- Letter Spacing
After getting my letter stamp placed at the position where I want it to vertically, I want to check its spacing. While still holding my metal stamp with my right hand, I bend down slightly to the left to check that my metal stamp is close or far enough from my previous letter. I don't use any measurement. I tend to just eyeball it or check against the same letters I have practiced on my copper sheet.
- Centering your Letters
You do not have to worry about centering your letters if they will be curved along the metal disc since it is circular. It only matters where you punch the hole. However, for straight across letters, try to have the letters dead center so that they will not be too far right that you run out of space or too far left that it looks odd, especially words that are a little long. First I mark my jumpring hole, then draw a straight line across in the middle of the disc where my words will go. Using "grandma" as an example, I pick the middle letter, which is "n". I'll stamp "n" first, trying to get it below my jumpring mark and on the straight line I just drew. Next I stamp "d", "m", "a" (going towards the right) in that order followed by "a", "r", "g" (going back towards the left this time).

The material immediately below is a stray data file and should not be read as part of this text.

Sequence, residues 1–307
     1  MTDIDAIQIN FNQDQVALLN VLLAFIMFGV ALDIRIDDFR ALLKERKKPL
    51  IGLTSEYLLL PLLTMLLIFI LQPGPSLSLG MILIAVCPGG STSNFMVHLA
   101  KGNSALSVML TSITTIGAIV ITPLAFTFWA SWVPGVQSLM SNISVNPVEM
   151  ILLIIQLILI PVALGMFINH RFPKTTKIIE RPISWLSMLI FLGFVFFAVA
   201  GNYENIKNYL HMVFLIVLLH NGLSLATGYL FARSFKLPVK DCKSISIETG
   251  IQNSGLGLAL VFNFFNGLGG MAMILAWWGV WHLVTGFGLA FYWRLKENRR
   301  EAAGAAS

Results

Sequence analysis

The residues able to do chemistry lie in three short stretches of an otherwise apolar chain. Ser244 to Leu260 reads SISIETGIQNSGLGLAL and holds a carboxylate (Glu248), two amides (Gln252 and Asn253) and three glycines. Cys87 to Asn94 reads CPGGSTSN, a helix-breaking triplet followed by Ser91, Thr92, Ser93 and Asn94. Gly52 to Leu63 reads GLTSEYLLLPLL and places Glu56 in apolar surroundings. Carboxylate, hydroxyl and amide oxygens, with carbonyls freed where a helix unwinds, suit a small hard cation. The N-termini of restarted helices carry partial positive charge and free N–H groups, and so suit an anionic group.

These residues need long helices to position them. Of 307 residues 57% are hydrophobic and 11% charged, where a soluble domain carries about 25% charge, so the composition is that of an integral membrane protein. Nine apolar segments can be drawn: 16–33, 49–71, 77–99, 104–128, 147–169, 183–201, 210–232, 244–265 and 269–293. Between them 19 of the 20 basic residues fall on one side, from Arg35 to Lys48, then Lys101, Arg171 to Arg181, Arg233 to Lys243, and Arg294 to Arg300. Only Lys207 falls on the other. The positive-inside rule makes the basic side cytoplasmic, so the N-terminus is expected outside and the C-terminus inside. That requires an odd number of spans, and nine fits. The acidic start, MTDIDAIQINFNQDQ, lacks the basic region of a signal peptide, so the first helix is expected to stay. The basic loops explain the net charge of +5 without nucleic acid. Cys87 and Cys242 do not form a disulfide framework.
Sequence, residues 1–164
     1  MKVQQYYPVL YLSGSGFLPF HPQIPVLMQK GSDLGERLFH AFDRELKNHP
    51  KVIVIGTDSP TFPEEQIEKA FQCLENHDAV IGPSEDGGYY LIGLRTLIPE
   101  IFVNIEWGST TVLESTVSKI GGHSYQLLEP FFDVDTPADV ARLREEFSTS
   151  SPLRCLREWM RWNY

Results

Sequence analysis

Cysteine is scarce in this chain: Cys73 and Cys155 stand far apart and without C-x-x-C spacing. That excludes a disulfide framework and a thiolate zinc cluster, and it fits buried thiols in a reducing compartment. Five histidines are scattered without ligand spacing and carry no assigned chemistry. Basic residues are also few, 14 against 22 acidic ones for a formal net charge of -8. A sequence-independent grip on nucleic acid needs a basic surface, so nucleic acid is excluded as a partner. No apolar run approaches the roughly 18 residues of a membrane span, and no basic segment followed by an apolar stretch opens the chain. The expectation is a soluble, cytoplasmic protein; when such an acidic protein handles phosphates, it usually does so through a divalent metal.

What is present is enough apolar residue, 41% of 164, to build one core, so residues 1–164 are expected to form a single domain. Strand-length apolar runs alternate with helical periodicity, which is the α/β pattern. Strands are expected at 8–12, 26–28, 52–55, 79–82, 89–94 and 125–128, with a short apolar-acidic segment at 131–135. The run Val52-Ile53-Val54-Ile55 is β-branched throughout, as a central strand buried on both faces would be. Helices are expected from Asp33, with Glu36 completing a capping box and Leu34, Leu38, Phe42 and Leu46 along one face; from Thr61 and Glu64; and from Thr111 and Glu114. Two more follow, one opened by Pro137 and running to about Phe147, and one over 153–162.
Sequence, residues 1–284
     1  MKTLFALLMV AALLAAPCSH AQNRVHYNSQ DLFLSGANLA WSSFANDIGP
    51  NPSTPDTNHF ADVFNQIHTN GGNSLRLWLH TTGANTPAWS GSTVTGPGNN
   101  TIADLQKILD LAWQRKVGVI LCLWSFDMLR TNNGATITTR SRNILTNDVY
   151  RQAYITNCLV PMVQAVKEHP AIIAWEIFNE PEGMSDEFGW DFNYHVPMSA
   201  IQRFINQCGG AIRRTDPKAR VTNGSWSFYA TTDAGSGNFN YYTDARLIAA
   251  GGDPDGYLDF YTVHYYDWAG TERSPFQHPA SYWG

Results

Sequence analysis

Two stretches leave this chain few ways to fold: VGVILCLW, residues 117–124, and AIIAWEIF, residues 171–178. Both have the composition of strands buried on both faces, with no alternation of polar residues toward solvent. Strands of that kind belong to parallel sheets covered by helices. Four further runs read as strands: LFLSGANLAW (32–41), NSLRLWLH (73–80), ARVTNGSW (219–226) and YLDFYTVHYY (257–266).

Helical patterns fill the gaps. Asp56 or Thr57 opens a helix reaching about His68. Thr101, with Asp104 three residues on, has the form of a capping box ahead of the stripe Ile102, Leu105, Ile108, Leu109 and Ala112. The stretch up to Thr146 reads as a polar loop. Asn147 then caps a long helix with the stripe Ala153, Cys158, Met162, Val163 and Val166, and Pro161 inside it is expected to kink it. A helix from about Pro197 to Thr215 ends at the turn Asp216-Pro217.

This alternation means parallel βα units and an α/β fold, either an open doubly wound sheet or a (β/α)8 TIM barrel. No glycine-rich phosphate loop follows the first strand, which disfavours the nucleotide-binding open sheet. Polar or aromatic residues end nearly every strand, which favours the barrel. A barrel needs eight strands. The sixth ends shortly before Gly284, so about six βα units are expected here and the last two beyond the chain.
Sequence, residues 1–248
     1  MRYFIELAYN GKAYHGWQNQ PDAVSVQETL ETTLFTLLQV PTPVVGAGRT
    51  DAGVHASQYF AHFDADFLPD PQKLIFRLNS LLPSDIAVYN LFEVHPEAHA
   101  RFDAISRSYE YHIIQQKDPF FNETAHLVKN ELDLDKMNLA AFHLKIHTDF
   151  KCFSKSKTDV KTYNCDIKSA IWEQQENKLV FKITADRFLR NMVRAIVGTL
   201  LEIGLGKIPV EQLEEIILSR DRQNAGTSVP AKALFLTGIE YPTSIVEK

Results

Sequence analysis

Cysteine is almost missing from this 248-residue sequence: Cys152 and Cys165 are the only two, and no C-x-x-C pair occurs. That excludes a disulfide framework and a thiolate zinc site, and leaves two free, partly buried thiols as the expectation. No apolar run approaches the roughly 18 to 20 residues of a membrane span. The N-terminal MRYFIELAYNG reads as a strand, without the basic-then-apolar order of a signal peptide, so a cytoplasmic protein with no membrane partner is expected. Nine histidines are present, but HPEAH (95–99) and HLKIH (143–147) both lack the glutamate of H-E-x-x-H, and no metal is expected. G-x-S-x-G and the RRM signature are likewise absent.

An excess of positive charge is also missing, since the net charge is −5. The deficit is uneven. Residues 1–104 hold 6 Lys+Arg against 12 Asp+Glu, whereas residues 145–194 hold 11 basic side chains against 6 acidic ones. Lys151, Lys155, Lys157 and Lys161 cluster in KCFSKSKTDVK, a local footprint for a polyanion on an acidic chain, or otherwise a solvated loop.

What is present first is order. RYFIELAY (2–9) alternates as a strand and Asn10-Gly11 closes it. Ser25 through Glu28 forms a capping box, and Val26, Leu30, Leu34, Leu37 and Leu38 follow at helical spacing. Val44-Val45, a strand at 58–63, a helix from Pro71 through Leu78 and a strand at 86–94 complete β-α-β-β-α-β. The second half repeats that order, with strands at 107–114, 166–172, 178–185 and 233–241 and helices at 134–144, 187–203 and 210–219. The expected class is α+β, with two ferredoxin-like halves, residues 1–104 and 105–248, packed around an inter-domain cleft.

- Punch Hole on your Metal Blank